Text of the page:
of colonial reform.
A good system would have
been a consummate work of deliberative wisdom; the principle of despotic government acted with more speed and uniformity, having passion for its interpreter, and a statesman like Townshend
, to execute its impulses.
That statesman had no ear except for complaints against the Colonies, and for men like Paxton
, who blinded him to every thing but what suited their cupidity.
It was his purpose1
to effect a thorough revolution in colonial government, and to lay the foundation of a vast American revenue.
The American merchants and friends to the Colonies took the utmost pains to moderate resentments and to extinguish jealousies.
Their committee, with Trecothick at its head, interposed with Townshend
;. but he answered: ‘I do not in the least doubt the right of Parliament to tax the Colonies internally; I know no difference between internal or external taxes; yet, since the Americans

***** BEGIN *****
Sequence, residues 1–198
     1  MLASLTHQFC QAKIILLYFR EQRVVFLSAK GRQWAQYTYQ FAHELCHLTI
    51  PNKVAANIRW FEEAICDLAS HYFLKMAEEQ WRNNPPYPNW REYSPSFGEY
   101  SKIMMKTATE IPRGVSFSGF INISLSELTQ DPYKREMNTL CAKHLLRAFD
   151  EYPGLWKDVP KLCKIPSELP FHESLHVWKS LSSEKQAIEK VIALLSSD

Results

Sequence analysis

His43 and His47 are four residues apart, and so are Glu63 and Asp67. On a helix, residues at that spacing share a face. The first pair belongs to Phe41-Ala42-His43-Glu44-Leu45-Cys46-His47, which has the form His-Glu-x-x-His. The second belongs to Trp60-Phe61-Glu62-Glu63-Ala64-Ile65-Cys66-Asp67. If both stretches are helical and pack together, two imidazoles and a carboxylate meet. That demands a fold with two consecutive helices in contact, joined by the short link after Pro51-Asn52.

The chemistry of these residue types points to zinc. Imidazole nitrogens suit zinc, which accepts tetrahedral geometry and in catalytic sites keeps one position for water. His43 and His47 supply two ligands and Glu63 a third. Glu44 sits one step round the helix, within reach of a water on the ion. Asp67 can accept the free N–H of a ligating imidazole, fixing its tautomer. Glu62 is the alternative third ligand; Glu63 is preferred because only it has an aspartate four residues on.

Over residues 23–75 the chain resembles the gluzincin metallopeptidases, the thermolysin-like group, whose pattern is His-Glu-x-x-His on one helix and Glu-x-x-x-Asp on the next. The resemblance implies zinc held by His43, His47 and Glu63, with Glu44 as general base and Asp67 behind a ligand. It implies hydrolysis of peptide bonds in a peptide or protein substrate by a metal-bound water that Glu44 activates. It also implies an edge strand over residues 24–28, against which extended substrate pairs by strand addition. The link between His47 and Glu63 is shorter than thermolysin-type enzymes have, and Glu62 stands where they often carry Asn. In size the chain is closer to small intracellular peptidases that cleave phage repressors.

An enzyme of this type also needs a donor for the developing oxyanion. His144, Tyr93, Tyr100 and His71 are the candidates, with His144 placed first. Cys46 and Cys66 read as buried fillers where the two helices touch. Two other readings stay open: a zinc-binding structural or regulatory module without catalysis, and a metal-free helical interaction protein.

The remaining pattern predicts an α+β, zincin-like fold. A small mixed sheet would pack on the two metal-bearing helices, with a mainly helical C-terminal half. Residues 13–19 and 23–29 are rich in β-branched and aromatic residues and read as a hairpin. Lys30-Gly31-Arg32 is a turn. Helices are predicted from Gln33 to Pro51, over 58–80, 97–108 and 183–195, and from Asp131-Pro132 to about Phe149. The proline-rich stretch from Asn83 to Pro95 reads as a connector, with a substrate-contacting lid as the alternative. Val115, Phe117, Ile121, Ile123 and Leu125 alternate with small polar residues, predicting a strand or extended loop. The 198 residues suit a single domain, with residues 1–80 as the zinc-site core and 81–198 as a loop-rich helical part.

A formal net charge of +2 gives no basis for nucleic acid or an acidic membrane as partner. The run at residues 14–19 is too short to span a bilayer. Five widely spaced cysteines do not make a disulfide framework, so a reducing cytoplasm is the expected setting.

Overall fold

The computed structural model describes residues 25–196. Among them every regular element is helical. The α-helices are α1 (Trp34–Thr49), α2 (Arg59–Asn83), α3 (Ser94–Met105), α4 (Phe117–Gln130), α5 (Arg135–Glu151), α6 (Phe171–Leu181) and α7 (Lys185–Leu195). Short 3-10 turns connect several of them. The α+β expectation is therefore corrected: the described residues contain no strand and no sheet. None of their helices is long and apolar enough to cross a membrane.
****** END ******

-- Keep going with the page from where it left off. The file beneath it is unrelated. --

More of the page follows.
are pleased to make that distinction, I am willing to indulge them, and for that reason choose to confine myself to regulations of trade, by which a sufficient revenue may be raised.’
‘Perhaps the army,’ rejoined Trecothick, ‘may with safety be withdrawn from America
, in which case the expense will cease, and then there will be no further occasion for a revenue.’
‘I will hear nothing on that subject,’ such was Townshend
's peremptory declaration; ‘the moment a resolution shall be taken to withdraw the army, I will resign my office and have no more to do in public affairs.
I insist, it is absolutely necessary to keep up a large ’